Mammalian cells are usually diploid, with the exception of mature gametes, which are haploid. Interestingly, a few tissues contain polyploid cells, such as muscle cells, osteoclasts, hepatocytes, megakaryocytes and trophoblasts[1]. A common feature in all these tissues is the presence of a diploid progenitor cell that at some point during the differentiation/maturation process becomes polyploid. Polyploidization can be explained by two main mechanisms: endoreplication and cell fusion. Endoreplication occurs when the genome is duplicated without cell division, whereas cell fusion occurs between two different cells, either of the same or of a different identity. In the latter case, the genomes from two different cell types-which can come even from different species-fuse within the same membrane and, therefore, coexist within the same cell[2]. For both mechanisms, the outcome is a polyploid cell.


It is generally recognized that polyploidization in normal organisms is adaptive since it helps specialized cells acquire the ability to perform new, specific functions[3]. For example, osteoclasts are large multinucleated cells that perform the difficult task of resorbing bone matrix. This specialized function cannot be accomplished, for example, by mononucleated TRAP+ osteoclasts as this leads to osteopetrosis, a disease in which bone is not degraded[4]. Among the other types of polyploid cells, there is agreement that muscle cells and trophoblasts are products of cell fusion. In contrast, megakaryocytes are polyploid cells generated by genome duplication followed by aborted cytokinesis[5].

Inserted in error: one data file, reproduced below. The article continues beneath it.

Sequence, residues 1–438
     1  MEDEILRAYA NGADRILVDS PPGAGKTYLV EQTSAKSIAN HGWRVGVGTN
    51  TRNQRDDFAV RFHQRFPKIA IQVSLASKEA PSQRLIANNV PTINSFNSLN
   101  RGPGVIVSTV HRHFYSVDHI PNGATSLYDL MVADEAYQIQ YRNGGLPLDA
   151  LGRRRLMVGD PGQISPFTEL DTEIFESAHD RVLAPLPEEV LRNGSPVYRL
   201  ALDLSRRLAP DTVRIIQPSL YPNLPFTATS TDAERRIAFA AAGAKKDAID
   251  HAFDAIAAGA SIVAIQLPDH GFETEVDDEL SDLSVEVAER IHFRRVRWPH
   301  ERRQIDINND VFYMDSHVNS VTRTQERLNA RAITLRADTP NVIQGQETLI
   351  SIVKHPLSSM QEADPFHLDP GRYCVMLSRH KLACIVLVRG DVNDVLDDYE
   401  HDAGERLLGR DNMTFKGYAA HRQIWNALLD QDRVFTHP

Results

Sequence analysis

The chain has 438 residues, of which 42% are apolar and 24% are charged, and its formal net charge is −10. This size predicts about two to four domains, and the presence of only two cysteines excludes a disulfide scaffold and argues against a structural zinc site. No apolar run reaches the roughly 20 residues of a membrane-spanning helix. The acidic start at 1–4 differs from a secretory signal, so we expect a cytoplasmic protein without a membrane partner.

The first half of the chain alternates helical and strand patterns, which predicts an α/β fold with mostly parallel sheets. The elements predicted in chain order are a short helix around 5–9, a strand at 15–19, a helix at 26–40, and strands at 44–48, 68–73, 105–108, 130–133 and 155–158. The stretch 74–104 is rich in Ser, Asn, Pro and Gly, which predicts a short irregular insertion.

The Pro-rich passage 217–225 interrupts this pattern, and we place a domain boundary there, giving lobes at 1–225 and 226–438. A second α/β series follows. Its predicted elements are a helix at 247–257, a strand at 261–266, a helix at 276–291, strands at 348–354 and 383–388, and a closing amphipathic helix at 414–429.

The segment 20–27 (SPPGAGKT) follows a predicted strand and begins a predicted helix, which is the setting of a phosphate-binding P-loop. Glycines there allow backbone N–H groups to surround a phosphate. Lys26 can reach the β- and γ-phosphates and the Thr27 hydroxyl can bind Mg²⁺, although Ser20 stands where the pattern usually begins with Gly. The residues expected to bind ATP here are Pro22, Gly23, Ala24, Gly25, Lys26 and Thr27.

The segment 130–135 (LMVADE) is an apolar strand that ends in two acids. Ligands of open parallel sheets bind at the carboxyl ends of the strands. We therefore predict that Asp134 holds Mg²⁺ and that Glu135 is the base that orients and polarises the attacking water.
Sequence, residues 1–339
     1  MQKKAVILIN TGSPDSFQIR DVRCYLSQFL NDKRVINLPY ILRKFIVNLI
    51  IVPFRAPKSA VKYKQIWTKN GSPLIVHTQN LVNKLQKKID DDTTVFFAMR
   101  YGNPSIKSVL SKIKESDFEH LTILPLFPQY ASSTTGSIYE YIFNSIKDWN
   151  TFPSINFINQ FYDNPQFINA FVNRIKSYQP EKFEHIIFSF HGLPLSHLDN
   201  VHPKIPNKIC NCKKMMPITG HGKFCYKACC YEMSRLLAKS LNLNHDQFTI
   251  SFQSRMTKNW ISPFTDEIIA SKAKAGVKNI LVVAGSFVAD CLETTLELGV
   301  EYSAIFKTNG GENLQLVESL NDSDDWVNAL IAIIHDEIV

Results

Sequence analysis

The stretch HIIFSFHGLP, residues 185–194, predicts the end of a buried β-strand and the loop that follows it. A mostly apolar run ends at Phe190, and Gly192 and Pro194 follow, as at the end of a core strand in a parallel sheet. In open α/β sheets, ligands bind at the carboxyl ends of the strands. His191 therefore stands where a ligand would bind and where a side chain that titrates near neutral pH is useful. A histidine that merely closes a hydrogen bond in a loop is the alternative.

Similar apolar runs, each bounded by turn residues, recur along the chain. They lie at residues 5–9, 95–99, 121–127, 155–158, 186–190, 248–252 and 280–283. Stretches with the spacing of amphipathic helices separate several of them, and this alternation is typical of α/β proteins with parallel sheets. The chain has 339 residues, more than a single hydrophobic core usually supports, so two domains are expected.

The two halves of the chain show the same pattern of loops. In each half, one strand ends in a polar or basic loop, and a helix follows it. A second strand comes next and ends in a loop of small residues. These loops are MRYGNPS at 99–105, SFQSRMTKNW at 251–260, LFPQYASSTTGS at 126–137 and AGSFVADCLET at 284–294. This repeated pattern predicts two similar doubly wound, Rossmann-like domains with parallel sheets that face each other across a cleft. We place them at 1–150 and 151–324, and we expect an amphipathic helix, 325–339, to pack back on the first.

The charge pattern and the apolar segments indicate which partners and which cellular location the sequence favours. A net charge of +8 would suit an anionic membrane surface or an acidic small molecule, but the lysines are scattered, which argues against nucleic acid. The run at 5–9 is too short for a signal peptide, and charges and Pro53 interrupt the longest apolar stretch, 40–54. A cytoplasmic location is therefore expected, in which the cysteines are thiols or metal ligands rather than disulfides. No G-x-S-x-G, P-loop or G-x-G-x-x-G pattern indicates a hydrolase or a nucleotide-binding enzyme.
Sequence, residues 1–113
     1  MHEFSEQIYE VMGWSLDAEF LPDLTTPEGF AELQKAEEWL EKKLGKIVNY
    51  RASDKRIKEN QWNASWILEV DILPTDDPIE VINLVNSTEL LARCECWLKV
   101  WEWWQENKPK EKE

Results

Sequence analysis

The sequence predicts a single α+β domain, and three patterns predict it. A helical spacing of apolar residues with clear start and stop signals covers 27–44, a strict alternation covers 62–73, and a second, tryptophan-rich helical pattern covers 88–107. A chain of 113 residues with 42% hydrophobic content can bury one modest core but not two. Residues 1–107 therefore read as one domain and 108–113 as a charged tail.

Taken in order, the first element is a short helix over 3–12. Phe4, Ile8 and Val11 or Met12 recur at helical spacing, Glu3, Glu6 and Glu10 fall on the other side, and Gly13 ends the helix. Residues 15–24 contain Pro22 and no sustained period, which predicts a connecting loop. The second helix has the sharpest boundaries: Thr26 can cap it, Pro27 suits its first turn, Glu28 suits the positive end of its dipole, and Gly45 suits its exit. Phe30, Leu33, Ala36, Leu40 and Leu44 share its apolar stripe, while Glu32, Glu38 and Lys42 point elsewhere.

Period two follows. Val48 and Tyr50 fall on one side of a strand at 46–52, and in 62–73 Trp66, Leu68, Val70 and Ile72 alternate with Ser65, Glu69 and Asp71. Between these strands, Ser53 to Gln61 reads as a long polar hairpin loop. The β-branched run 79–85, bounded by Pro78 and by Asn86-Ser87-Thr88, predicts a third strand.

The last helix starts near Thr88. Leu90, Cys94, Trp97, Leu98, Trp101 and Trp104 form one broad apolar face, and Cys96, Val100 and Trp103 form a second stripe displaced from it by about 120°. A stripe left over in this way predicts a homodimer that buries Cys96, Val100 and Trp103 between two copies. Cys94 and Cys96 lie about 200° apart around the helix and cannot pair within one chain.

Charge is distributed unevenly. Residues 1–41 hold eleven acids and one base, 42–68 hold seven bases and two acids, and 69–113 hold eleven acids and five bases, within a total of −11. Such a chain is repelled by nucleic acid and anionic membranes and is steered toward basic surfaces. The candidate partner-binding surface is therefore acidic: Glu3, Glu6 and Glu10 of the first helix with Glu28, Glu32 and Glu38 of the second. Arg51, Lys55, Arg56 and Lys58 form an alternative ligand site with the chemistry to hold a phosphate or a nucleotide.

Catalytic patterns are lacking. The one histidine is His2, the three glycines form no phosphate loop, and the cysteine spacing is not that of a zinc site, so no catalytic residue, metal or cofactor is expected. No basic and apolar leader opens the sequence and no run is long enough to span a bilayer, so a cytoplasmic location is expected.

Polyploid liver cells are usually considered to be formed by endoreplication of the genome[6,7]. This conclusion was originally based on the seminal work of Mintz and colleagues, who pioneered the use of chimeric mice to study gene expression[8]. In the chimeric mouse, cells with two different genomes coexist in a single organism. If a cell fuses with another having a different genome, the resultant cell will contain markers of both. In their studies, Mintz and colleagues concluded that fusion occurred in muscle but not in the liver[8-10]. However, they had to rely mainly on the analysis of isoforms expressed by tissue-specific enzymes because single-cell markers were not yet available. Contrary to osteoclasts, trophoblasts and muscle cells, whose nuclei maintain their individuality, polyploid liver cells can be bi- or mono-nuclear.